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‘Adopt an Hour’ this Summer to Match the 1.4 Million Volunteer Patrol Hours by Surf Lifesavers

By Surf Life Saving
Archived 25 Jan 2021 - Posted: 27 Nov 2020
Surf Life Saving calls for public to ‘Adopt an Hour’ this summer to match the 1.4 million volunteer patrol hours by surf lifesavers

Surf lifesavers dedicate 1.4 million volunteer hours on patrol each year to keep Australian beaches safe and the Surf Life Saving Foundation has today launched a powerful new ad campaign ahead of Summer to remind beachgoers of the impact of volunteer surf lifesavers.

With over 180,000 members and 314 Surf Life Saving Clubs across the country, Surf Life Saving is the largest volunteer movement of its kind in Australia.

The Adopt an Hour campaign boldly compares the 1.4 million hours that our surf lifesaving volunteers dedicate on patrol each season to the seconds that it takes for someone to get into trouble or drown.

Ahead of summer Surf Life Saving is calling on the public to consider donating one dollar for every hour they spend at the beach this summer to match the millions of hours that our surf lifesavers spend protecting the public.

Surf Life Saving Foundation Chief Operating Officer John Brennan OAM said that often the impact and dedication of surf lifesavers around the country is taken for granted.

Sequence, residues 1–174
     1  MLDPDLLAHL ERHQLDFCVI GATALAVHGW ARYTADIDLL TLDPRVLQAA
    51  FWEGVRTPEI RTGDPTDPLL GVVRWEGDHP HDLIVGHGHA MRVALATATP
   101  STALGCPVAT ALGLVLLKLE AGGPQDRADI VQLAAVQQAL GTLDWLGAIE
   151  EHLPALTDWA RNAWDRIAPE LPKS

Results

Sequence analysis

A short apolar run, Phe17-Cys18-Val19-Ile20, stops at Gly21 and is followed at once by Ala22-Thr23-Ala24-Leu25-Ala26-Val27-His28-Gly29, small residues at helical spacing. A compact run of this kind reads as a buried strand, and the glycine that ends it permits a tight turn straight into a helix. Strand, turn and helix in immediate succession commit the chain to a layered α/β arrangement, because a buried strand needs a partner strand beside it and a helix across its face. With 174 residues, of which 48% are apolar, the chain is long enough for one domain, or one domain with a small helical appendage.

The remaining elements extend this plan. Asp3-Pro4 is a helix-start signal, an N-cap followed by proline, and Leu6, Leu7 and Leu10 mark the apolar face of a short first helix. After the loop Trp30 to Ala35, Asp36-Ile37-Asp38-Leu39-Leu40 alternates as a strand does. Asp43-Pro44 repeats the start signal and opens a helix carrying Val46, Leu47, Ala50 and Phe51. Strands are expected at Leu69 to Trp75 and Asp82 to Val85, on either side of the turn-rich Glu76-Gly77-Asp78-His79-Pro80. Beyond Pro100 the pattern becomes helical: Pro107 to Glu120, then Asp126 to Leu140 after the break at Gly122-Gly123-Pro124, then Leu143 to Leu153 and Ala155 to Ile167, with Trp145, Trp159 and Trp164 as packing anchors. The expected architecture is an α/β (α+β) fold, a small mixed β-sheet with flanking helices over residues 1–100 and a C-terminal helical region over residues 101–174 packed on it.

“Ahead of this summer, we’re asking the public ‘what’s an hour of safety worth to you and your family?’” said Brennan.

“Our volunteer surf lifesavers dedicate over 1.4 million hours each year on patrol to keeping our beaches safe and are there for the public in the longest few moments of their life.

“We’re asking the public to consider donating $1 for every hour they are at the beach this summer to match the 1.4 million patrol hours our surf lifesavers dedicate so that when you need them most, they’re there to help.”

In the 2019-20 season there were 125 coastal drowning deaths in Australian coastal waters. Of these 125 deaths, males accounted for 86% of the coastal drowning fatalities.

Surf Life Saving Australia General Manager Coastal Safety Shane Daw ESM said that the Adopt an Hour campaign features a male drowning victim to highlight that males continue to be over-represented in drowning data year after year.

“Over the last 16 years we know that young males have become the major group who is at risk and involved in drowning incidents,” said Daw.

“We know that with young males there is a little bit of bravado, there’s a little bit of risk taking – a lot of it isn’t deliberate, we get into positions that we don’t realise can cause us harm.”

Funds raised through the Adopt an Hour appeal will go towards ensuring that volunteer surf lifesavers will continue to patrol and protect the public on Australian beaches throughout summer.

This article archived 25 Jan 2021

 
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